My partner and I broke up less than two weeks ago and watching this movie only reminded me of better times. Because Baccarin as Vanessa is awesome and her relationship with the titular hero is everything I have ever wanted from a story about a guy dating a sex worker. And it also represented everything that I wanted from being dated as one, with the addition of bad guys, bullets, and the breaking of the fourth wall.

[READ MORE]

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(Screenshot from the film)

(Screenshot from the film)

Imagine Lysistrata—the classical play you probably read in Greek Lit class —but in the hood.

In this fictional but all-too-real version of Southside, Chicago, the women of Chi-Raq, lead by Lysistrata (Teyonah Parris), opt to withhold sex as a negotiating method to force an end to the gang related violence their men engage in. Lysistrata is inspired by the story of Leymah Gbowee, a Liberian woman who organized a sex strike amongst her peers to end a gruesome civil war. Her efforts were successful and earned her the Nobel Prize. The purpose of the Chi-Raq women’s strike is not so much to save their men from themselves as it is to bring a stop to the stray bullets that kill innocent children caught in the crossfire. These female revolutionists consider their responsibility to put children first an unwritten condition of womanhood. While Lysistrata herself is not a mother, her solidarity with them over her gang leader boyfriend, whom she loves, is powerful.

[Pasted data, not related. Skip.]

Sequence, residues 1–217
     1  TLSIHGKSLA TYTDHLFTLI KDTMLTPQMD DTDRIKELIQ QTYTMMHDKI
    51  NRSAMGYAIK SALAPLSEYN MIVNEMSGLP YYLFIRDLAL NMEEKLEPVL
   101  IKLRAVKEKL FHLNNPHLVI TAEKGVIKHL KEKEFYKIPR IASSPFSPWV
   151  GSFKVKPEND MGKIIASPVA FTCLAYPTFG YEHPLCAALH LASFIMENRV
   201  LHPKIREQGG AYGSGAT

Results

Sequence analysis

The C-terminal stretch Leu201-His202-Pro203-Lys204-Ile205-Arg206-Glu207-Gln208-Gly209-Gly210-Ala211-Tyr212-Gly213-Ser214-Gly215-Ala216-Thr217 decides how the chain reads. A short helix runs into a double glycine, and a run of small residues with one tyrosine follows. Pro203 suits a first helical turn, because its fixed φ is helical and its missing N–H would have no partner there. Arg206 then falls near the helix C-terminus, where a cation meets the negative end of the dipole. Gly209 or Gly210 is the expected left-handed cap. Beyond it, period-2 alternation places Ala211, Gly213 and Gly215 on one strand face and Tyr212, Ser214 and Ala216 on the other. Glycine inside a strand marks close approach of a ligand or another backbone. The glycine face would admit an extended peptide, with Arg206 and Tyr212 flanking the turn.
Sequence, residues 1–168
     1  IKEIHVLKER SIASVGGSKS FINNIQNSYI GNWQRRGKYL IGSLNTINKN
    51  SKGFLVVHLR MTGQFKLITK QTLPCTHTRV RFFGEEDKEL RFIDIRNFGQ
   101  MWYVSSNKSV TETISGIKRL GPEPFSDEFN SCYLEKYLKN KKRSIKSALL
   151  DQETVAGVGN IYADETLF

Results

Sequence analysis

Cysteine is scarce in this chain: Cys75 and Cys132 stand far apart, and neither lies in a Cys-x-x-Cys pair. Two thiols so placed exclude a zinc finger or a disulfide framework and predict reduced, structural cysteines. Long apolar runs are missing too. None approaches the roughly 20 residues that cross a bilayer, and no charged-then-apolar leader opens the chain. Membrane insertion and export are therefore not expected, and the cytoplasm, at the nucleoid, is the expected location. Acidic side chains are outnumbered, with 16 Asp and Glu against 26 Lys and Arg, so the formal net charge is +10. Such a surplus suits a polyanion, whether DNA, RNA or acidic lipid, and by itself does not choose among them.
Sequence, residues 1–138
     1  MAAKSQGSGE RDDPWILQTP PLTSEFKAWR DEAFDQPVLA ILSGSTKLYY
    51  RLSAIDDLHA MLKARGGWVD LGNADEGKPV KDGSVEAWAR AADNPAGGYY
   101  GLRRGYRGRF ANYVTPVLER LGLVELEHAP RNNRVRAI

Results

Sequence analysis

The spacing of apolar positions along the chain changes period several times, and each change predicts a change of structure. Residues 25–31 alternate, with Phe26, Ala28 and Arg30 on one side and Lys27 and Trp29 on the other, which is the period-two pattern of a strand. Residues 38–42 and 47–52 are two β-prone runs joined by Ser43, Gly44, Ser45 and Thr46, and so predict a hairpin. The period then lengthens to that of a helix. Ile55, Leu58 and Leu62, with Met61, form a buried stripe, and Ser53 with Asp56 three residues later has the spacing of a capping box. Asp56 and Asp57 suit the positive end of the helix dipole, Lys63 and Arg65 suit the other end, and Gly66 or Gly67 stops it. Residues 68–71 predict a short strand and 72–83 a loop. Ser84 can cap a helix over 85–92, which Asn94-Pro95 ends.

Is the labor of the Chi-Raq women’s strike itself a sort of sex work? As a sex worker myself, I have a very liberal definition of what falls under that (red) umbrella. I consider any situation where sex is used as a means of negotiation to be a form of sex work. Cash exchange is not a requirement. This definition can include negotiations between married couples or any suggestion of potential future sex to get what you want in the now—what some might call “flirting.” I understand this is a controversial opinion and an incredibly broad demarcation of sex work. But the reason I keep my definition of sex work so broad is because it normalizes the behavior. The more parallels I can draw between prostitution and sexual labor within civilian relationships, the weaker the arguments for intimate labor being an inherent evil become. This also means that when I work, I feel no guilt over avoiding terms such as “escort”—which would get me targeted by law enforcement—in favor of “sugarbaby” or “spoiled girlfriend”—even though nine times out of 10 they mean same goddamned thing, just without leaving me subject to the same legal implications.